A survey of Dementia specific Day Care Centres in Ireland

Region
  • Republic of Ireland

28th January 2009, Dementia Services Information and Development Centre (DSIDC)

DSIDC

The design of residential care facilities for people with dementia has become an area of increasing clinical, architectural and research interest (Kitwood 1997; Judd et al., 1998; Lawton, 2001). Less is known about day care design and about staff views of the adequacy of the social and built environment in which day care takes place.

This paper reports survey data on a study of 18 day centres providing dementia-specific care across the Republic of Ireland.  Quantitative and qualitative data were collected from 77 practitioners (nurses-in-charge, care-staff and branch-managers).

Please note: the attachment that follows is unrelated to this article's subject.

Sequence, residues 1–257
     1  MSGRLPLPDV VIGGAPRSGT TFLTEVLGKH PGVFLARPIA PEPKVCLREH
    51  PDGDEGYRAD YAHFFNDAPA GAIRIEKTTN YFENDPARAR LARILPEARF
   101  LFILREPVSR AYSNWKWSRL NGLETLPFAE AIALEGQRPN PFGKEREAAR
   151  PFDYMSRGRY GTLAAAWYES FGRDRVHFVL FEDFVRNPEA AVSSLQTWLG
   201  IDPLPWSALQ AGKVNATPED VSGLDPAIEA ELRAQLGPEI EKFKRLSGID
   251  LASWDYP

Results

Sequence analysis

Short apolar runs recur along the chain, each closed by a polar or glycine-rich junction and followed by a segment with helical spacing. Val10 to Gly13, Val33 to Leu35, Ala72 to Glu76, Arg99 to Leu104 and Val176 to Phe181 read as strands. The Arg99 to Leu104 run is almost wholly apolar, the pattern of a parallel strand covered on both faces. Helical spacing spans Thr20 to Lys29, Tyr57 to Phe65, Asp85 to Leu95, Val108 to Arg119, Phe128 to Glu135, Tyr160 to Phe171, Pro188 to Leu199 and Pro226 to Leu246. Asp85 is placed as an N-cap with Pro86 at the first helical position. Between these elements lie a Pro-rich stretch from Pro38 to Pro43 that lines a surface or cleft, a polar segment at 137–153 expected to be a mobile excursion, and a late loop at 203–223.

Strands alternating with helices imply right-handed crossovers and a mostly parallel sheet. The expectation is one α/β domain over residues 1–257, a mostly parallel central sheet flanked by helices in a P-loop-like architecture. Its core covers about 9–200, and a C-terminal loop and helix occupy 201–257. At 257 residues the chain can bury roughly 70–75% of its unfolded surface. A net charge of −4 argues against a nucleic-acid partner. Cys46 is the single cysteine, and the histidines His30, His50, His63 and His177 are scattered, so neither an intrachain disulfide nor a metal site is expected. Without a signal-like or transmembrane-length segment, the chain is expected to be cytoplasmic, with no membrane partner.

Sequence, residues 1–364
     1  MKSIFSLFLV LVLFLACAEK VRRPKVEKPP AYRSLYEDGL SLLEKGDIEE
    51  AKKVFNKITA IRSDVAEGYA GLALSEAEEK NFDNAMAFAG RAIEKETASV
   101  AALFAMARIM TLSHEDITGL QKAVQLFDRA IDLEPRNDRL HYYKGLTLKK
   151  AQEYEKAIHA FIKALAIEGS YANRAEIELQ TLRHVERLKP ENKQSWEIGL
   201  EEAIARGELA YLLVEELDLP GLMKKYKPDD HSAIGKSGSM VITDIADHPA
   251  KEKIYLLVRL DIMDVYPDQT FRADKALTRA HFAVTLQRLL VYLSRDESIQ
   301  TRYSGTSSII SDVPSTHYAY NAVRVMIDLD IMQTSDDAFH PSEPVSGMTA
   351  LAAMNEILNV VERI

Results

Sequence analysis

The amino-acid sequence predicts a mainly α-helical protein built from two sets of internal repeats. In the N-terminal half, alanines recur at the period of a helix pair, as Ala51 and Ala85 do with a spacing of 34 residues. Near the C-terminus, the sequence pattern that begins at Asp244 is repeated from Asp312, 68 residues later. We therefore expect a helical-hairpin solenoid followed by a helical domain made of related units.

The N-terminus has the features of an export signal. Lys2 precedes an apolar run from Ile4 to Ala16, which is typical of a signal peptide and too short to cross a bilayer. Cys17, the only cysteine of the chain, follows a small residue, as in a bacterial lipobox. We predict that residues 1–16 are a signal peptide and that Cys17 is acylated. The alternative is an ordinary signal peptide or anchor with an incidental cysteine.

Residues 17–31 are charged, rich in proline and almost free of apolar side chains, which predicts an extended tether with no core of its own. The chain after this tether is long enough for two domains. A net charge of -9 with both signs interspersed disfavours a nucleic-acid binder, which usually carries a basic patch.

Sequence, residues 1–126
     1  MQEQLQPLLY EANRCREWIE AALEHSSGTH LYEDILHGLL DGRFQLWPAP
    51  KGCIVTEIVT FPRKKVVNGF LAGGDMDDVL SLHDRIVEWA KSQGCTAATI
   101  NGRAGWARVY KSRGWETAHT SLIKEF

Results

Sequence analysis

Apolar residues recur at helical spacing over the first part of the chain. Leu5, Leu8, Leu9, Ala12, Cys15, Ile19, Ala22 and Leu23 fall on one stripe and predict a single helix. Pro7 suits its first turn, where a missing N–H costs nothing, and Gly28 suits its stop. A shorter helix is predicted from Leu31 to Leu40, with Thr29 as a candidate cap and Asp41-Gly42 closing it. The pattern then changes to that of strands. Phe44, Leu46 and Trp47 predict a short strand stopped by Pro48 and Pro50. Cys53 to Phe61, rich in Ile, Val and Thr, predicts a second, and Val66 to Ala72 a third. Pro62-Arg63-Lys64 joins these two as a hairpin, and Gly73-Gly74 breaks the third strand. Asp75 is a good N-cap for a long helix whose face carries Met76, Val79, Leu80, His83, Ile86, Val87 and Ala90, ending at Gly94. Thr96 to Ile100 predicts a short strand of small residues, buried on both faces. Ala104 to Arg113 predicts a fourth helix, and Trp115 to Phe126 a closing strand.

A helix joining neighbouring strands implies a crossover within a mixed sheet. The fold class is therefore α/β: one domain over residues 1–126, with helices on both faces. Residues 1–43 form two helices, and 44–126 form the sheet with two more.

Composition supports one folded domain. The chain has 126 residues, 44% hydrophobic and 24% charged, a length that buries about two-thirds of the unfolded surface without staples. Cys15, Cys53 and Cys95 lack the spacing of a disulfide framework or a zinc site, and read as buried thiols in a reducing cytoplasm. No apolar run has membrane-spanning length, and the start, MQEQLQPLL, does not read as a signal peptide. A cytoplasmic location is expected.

The focus of the research was on examining staff views of the physical characteristics of day care settings, the effectiveness of day care, and staff views on the major benefits derived from day care attendance.

The research also explored staffs’ perceptions of how design features could be improved and their views on challenging behaviours, the suitability of certain clients for day care, staff training needs and the cost of care.  Policy, practice and research implications emerging from the study are discussed.  The paper argues for the need for guidelines in best practice in dementia day care to be established in Ireland.